Partner: Jungle Crows
One of the oldest parts of Kolkata, Kidderpore has many legends associated with its name. Some attribute it to Khizr / Khidr being the guardian saint of the seas to the fishing communities of Bengal.
Another theory points out that the port probably got its name from Lord Kyde, a 19th-century engineer who designed and supervised the building of the lock gate that connects the nearby port to the Hoogly River.
Containers of all kinds and ships of various sizes can be seen in and around the docks area.This area is surrounded by many industries and factories including the Garden Reach Shipbuilders, which was founded in 1884 and is one of India’s leading shipyards.
The famed swing bridge and drawbridge here have withstood over a century of turning and opening to allow passage of big ships.
To honour the nearly 35000 Indian indentured workers who had migrated to Suriname, an aluminium statue of a plainly-dressed couple carrying a potli which symbolizes the first Indian man and woman to set foot on Suriname was set up as a memorial at one of the ghats. Walking along the ghats, it is common to see young boys playing cricket or flying kites. Many of them are also being trained in Rugby by Jungle Crows, an NGO that works on youth development through sports
Partner: Riverside Arts Activity Centre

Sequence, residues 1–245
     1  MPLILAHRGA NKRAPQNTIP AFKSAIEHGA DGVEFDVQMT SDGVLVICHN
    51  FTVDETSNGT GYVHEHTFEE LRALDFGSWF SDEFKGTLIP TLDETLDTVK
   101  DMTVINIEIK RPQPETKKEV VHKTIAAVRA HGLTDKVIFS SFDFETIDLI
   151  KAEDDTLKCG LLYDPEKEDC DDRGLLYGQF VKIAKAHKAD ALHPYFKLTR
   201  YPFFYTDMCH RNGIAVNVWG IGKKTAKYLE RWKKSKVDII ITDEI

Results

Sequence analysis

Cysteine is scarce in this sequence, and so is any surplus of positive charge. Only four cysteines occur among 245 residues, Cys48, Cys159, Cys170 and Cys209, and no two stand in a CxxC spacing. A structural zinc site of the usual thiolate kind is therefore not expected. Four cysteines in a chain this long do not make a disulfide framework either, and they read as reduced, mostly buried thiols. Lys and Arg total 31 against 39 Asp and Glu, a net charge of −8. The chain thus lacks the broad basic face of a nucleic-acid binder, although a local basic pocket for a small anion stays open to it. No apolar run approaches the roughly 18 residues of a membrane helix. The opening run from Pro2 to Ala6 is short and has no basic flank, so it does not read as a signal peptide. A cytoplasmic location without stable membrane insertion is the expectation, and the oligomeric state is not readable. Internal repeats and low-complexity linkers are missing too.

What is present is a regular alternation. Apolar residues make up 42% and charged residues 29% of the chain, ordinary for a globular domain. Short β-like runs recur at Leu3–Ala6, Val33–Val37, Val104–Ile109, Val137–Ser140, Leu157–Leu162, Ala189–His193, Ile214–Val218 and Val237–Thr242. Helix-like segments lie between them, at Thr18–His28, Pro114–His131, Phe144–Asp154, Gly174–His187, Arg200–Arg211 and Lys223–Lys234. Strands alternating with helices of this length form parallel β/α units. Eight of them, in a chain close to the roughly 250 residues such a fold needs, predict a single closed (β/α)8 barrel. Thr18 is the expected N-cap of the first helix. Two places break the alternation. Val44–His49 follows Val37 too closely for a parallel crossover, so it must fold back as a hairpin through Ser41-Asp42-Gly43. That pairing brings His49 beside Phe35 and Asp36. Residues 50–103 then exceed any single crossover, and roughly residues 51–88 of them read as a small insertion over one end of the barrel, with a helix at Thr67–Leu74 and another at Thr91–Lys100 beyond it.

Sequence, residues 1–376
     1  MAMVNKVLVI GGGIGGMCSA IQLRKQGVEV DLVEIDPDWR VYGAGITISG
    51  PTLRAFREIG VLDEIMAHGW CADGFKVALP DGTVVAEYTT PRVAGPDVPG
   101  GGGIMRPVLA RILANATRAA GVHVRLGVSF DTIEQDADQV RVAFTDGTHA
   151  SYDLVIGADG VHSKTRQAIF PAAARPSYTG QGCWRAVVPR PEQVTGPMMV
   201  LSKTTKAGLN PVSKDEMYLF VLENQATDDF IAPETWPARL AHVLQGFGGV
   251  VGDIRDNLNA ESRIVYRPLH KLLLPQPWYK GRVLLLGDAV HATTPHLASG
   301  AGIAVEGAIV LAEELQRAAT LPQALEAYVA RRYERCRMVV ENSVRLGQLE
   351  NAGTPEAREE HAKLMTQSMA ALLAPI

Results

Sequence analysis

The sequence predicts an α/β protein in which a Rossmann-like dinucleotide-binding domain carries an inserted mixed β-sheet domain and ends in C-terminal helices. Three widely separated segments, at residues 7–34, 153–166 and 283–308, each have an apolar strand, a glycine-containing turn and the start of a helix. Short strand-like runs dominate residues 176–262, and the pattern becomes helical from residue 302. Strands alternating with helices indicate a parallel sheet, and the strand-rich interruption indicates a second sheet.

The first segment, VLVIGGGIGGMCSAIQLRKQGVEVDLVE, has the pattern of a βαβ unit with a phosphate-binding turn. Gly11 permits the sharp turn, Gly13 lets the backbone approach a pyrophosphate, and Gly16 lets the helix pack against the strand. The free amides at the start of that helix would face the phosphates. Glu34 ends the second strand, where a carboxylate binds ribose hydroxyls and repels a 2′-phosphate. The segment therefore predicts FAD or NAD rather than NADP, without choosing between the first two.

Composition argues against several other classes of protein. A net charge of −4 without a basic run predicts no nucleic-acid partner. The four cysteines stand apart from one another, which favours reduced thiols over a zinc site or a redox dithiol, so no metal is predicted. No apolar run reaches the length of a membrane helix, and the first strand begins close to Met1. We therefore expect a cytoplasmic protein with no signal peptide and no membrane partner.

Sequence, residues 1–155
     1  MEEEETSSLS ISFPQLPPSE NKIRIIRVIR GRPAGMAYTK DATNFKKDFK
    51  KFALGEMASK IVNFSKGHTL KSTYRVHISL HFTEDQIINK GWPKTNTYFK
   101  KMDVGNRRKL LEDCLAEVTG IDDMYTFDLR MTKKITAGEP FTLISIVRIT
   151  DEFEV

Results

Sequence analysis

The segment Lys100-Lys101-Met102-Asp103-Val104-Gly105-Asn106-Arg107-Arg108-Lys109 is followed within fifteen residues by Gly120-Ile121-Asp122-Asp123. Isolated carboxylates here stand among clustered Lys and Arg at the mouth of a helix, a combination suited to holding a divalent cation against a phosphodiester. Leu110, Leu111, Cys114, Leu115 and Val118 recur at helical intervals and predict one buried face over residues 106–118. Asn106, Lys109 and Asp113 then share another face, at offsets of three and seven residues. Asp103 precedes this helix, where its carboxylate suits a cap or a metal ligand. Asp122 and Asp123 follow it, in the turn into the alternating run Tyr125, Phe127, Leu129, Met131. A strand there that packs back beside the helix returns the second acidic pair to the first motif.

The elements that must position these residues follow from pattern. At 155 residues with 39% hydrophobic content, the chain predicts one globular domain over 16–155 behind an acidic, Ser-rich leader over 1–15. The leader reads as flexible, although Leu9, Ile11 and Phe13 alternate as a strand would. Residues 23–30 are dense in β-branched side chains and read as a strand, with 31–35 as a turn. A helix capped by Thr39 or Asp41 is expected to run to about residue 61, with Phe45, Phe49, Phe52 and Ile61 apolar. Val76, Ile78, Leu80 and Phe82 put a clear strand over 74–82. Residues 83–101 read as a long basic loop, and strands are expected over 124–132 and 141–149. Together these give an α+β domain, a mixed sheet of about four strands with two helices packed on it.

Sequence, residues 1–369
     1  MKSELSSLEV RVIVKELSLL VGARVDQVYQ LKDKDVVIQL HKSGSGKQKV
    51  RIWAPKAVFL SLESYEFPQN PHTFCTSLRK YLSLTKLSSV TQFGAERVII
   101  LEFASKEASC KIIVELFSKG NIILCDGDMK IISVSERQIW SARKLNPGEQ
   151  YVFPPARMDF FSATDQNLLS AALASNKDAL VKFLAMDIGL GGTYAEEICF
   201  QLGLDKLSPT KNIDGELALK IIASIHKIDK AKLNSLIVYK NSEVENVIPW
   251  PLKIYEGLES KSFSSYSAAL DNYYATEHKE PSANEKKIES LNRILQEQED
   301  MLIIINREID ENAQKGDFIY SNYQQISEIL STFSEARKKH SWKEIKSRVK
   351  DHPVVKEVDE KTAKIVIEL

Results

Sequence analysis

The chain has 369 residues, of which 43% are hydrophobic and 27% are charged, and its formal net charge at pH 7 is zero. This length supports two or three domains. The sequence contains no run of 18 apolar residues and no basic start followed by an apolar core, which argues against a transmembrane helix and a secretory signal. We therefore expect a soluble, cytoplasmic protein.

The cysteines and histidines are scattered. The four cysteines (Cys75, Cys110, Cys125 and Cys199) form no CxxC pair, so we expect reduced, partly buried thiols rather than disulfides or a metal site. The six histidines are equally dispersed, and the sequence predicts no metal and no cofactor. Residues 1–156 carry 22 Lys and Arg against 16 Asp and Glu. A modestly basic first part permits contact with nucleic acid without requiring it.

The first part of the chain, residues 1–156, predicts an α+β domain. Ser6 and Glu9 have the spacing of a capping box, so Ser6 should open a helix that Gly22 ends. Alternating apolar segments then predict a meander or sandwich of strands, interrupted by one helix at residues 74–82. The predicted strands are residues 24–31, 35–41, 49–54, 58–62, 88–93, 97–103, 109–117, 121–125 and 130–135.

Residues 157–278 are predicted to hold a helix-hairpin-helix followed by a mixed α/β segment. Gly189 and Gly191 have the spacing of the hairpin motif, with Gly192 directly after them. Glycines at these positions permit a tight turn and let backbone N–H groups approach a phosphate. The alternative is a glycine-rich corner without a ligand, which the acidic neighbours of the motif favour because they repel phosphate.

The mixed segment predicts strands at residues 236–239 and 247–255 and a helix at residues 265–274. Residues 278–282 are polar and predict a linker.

In 1909 Tilbury became part of the newly established Port of London Authority with extensive facilities for handling the importation of paper, cars, grain and other bulk cargoes. Tilbury Fort was completed in 1682 as a vital defense against the river trade route and is identical to the later built Fort William, Kolkata. Tilbury Riverside Project was started in 1992 by a Tilbury man named Peter Hewitt who wanted to help create civic pride for Tilbury. The past twenty years has seen the project grow into a well known and respected charity. The project has a great team of volunteers and a project manager. They all work together to hold events in Tilbury including the switching on of the Christmas lights in the town’s Civic square. The Tilbury and Chadwell memories website which started four years ago, currently has a large audience and ‘hits’ of 500 approx per week. The project also runs a programme of Heritage Guided Walks and is in the fourth year of various walks around the Thurrock area. Every summer the project works with Thurrock Council to hold a Summer Family Fest for the community. Hundreds of people attend this event.
The Tilbury Riverside Project are involved in the Silk River project as it has connections that are important to the people of Tilbury. With the Port of Tilbury and the Bata factory there are many of the community that would be interested in the Silk River and the ‘twinning’ of the towns.
We hope that the project will educate people both here in the UK and India about each other and their cultures. By working together and learning about different ways of life will bring some tolerance and understanding.